A summary of important health news from the past week.
U.S. Suicide Rate Surges to a 30-Year High
There has been an increase in suicide rates among every age group besides older adults. The rate for middle aged women went up 63%--shocking the National Center for Health Statistics researchers. Currently, 13 out of every 100,000 Americans commit suicide each year. Suicide rates for girls between the ages of 10-14 tripled. Two populations groups experienced a decline in suicide rates, which included black males and individuals over the age of 75. Researchers are struggling to make sense of the data, but many speculate that causes range from economic issues, social isolation, hopelessness, or inadequate prevention.
Penalties created by the Affordable Care Act for high rates of infections and complications at hospitals are being implemented by Medicare. Seven hundred and fifty-eight hospitals have had their payments reduced as a result of higher than usual incidents of blood clots after surgery, bed sores, hip fractures, sepsis and similarly avoidable complications. A federal estimate finds that 12 out of every 100 hospital stays has this type of complication.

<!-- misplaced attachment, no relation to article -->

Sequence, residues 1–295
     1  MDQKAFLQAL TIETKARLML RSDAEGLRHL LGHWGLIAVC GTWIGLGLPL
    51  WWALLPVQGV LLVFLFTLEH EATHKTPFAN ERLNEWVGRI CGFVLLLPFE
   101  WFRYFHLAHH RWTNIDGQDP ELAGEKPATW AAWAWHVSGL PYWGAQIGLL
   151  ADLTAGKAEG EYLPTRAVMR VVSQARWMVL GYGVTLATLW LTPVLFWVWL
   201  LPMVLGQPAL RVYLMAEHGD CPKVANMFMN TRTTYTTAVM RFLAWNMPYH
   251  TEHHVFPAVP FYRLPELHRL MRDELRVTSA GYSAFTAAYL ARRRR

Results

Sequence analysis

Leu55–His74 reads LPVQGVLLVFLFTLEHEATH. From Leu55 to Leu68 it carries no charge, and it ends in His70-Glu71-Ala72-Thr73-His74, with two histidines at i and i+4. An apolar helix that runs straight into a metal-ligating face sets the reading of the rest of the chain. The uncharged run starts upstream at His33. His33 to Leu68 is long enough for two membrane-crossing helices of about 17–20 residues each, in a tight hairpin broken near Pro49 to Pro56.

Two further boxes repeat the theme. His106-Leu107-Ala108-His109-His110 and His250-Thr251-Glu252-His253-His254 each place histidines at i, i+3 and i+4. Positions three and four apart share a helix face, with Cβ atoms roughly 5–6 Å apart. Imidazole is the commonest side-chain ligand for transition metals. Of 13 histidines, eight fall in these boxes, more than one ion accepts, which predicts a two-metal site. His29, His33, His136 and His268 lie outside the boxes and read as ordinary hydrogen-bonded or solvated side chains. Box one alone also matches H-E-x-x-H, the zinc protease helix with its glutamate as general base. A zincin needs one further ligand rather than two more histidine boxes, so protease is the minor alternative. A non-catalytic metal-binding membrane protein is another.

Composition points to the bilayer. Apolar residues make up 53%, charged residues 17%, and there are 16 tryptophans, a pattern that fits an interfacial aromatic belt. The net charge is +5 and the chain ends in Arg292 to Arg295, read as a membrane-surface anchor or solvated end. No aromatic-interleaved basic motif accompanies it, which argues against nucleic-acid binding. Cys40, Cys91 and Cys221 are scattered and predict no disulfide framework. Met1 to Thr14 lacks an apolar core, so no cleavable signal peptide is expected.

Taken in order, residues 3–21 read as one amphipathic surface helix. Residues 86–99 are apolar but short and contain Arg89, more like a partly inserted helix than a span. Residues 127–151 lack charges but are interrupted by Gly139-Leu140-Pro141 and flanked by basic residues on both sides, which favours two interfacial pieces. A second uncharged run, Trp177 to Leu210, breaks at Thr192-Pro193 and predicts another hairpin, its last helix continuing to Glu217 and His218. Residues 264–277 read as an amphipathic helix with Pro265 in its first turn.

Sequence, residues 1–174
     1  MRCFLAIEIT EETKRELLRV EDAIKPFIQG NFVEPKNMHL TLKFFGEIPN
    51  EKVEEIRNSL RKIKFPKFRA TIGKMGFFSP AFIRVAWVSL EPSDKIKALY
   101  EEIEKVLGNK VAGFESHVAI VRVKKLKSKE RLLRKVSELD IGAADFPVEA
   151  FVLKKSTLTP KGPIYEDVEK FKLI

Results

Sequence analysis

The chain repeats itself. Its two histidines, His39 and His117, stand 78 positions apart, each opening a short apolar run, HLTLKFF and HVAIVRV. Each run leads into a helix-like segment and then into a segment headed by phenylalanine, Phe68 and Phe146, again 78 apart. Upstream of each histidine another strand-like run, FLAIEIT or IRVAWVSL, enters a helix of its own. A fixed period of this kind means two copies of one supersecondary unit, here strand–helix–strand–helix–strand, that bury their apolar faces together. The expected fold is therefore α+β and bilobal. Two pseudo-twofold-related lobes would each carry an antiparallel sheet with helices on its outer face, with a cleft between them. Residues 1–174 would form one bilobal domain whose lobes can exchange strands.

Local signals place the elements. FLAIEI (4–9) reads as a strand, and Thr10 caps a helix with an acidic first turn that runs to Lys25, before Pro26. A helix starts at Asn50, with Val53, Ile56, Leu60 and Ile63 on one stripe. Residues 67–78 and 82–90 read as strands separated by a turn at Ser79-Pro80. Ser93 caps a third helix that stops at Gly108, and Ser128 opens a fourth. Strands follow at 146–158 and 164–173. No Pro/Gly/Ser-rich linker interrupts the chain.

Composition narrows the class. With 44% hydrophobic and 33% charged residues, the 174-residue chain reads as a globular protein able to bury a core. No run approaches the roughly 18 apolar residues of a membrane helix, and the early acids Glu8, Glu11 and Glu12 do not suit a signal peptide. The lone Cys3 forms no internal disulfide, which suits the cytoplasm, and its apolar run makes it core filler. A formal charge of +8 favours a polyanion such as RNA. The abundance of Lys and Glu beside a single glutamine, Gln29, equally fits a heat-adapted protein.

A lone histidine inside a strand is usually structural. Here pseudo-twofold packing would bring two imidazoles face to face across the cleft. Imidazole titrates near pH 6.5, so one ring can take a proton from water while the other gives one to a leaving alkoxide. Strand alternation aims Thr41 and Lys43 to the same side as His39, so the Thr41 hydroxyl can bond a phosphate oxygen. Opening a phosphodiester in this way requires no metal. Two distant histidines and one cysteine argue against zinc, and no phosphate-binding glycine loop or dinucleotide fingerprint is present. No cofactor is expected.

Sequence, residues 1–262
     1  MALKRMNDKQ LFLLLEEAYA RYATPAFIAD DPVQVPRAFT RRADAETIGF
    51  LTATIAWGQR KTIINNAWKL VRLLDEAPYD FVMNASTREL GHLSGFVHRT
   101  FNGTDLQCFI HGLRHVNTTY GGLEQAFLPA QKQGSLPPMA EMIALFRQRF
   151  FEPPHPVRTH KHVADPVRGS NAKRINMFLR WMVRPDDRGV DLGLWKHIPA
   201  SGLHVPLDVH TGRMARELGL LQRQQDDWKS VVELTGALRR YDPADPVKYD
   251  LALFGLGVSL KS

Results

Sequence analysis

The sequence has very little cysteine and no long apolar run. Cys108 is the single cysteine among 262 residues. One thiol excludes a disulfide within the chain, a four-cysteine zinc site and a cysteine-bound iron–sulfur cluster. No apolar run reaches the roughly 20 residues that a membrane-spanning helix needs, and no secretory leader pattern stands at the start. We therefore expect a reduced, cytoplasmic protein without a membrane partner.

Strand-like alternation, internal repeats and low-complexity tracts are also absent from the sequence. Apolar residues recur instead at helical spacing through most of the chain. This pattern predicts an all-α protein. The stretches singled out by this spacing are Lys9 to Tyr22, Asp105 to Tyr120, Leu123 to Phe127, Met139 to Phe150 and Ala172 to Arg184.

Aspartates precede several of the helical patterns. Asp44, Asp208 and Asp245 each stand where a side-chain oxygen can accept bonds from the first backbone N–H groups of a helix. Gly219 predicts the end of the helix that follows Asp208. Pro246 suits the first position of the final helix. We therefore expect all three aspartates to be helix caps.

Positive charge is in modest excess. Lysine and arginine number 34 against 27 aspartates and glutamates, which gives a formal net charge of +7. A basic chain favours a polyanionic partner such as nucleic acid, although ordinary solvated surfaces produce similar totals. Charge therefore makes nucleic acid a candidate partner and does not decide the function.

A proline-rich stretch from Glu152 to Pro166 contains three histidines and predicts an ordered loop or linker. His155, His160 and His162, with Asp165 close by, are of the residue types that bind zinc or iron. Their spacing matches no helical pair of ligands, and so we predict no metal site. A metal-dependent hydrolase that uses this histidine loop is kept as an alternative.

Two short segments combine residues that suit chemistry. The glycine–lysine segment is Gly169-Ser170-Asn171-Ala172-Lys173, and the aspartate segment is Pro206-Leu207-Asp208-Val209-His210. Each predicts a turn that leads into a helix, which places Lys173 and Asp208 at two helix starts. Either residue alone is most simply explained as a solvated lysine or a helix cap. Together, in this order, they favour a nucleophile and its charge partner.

A new study has found that fast food burgers have phthalates, a chemical suspected to disrupt normal hormone functioning in humans. Phthalates have been linked to an increased risk of diabetes, developmental issues in babies, and reproductive problems in women. The phthalates may be transferred from the gloves that fast food employees are required to wear during food preparation. The study found no link between fast food and BPA, another known endocrine disruptor.
Laundry packet poisonings increase in kids
New data show a very large increase in the amount of children ingesting laundry detergent packets. Poison control calls increased by 17% between 2013 and 2014, and over 20,000 children, majority under the age of 3, were exposed. The packets can cause cardiac arrest, loss of breathing, vomiting, and throat and eye injuries. Experts recommend parents with children under 6 use regular liquid detergent.
A Big 'Woo-Hoo' For Europe On #WorldMalariaDay: No New Cases In 2015
Europe has reported no new cases of malaria transmitted on the continent for 2015. It is a big accomplishment for Europe, with the knowledge that the continent had the money, collaboration, vigilance and overall infrastructure to fight the disease. In areas such as Africa and Southeast Asia, combatting the disease proves more difficult due to lack of infrastructure, political stability and consistent health care. But Dr. Joel Breman, expert in infectious diseases at NIH, is optimistic and says "I think we can do it (everywhere), but it will take a longer time frame."
Who We Are
The Center is the hub of the science of human health for students, faculty, and staff at Emory University.